Born in 1849 into a Protestant family at Herimoncourt, in eastern France, Armand Peugeot was the son of Emile Peugeot and grandson of Jean-Pierre Peugeot. The family had a metalworking business, producing a range of practical goods such as springs, saws, spectacle frames, and coffee grinders.
He was a graduate of the École Centrale Paris, a prestigious engineering school in France. In 1881, Armand traveled to England where he saw the potential of bicycles and their manufacture.
He established a small engineering company, Peugeot Frères Ainés, with his cousin Eugène Peugeot, and in 1882 began making bicycles, introducing the Grand Bi, with one big and one small wheel, similar to the ‘penny farthing’ models being built in England. The company displayed a steam tricycle at the World Fair in Parish in 1889, built a quadricycle with a Daimler engine the following year, and soon produced their first orthodox motor car.
They entered several cars in France’s first motor race, held in 1894, and in 1896 Armand Peugeot established his own company, the Société Anonyme des Automobiles Peugeot, with a factory at Audincourt in the Doubs region of eastern France.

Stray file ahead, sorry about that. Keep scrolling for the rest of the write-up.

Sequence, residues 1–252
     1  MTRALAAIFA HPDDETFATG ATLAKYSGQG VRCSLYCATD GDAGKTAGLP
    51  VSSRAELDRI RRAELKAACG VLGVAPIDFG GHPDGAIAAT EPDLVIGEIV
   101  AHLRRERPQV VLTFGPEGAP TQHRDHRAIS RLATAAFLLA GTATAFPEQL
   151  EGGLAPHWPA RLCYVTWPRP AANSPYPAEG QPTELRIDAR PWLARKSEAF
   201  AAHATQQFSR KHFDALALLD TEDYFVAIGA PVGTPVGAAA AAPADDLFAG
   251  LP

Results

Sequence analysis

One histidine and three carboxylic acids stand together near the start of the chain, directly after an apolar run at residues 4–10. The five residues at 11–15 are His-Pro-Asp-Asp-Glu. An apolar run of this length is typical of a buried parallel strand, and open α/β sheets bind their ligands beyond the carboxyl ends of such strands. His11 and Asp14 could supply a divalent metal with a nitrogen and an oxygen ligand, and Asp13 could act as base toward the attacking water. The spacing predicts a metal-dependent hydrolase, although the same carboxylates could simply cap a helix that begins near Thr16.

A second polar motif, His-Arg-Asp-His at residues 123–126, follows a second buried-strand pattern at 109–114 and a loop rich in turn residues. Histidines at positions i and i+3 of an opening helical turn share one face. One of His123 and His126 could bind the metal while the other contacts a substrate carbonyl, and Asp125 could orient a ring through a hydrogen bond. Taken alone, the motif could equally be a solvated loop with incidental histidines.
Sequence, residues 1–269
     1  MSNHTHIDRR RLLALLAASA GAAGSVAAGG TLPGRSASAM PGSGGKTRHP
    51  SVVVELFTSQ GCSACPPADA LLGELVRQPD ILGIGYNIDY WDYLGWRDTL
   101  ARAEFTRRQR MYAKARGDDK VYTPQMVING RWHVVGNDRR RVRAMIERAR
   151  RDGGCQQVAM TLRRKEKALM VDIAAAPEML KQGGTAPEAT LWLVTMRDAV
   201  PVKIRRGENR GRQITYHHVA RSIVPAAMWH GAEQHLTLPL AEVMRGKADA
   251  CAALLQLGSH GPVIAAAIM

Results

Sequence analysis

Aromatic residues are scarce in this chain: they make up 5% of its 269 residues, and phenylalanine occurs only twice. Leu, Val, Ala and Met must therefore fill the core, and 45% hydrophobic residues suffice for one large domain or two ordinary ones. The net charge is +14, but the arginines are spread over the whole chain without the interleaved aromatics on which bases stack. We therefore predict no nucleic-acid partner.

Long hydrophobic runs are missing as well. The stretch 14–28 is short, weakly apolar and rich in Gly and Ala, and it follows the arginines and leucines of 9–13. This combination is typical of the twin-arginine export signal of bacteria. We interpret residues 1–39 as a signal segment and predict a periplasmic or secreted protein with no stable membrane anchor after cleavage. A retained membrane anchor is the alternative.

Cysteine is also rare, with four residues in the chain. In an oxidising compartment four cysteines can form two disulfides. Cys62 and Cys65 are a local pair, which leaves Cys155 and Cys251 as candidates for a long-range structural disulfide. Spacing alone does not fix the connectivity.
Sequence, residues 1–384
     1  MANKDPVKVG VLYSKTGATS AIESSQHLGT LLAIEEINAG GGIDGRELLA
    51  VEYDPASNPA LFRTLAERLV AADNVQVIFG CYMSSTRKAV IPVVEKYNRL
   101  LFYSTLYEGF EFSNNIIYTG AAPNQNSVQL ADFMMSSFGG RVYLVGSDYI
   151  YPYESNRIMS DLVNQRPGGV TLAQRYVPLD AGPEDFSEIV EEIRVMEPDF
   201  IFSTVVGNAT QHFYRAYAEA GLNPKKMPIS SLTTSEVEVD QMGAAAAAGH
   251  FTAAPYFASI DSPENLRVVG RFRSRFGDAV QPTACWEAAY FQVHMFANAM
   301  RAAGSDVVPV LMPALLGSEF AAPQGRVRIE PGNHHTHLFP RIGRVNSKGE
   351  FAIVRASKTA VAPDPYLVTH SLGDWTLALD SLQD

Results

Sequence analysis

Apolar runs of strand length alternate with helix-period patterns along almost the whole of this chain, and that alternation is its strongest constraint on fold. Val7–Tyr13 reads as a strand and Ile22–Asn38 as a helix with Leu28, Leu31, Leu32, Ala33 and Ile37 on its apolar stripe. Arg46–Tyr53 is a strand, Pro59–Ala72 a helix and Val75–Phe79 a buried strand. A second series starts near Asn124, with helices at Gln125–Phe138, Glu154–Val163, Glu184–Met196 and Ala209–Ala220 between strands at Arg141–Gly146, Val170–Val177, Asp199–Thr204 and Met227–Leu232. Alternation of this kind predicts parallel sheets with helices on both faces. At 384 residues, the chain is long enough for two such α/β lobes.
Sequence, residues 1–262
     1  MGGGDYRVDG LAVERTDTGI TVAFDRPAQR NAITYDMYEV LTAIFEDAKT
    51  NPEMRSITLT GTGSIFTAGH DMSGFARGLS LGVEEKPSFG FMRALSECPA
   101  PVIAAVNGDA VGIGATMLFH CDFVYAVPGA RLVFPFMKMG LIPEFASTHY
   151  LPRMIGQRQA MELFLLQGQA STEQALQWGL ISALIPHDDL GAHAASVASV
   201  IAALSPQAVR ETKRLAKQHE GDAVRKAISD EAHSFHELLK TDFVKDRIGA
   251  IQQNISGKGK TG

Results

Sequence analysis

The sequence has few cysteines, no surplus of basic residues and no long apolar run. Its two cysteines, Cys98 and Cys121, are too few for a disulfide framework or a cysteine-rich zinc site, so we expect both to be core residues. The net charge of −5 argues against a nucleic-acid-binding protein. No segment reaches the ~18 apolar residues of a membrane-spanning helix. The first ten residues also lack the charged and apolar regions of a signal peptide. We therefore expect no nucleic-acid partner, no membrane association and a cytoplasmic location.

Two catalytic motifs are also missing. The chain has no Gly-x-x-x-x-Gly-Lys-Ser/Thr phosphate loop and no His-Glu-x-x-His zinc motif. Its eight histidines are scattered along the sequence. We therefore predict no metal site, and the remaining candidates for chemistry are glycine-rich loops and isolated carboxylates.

He began production in 1897 with 125 workers who initially completed one car a week, but the following year they made three a week and were making ten a week by 1900. An excess of models led to some financial problems but in 1905 he introduced a lightweight car, the Bébé Peugeot, of which he sold 400 in the first year of production.
The company continued to grow in the inter-war period introducing the first mass-production Peugeot, the 201, in 1929, and, after the various takeovers, the company’s name is still prominent within the European car industry.
Eugène Peugeot had set up a separate company which Armand’s Société Anonyme des Automobiles Peugeot took over in 1910. Armand Peugeot retired in 1913 by which time Peugeot, making 10,000 cars a year, was Europe’s largest motor car manufacturer.
According to en.wikipedia and erih.net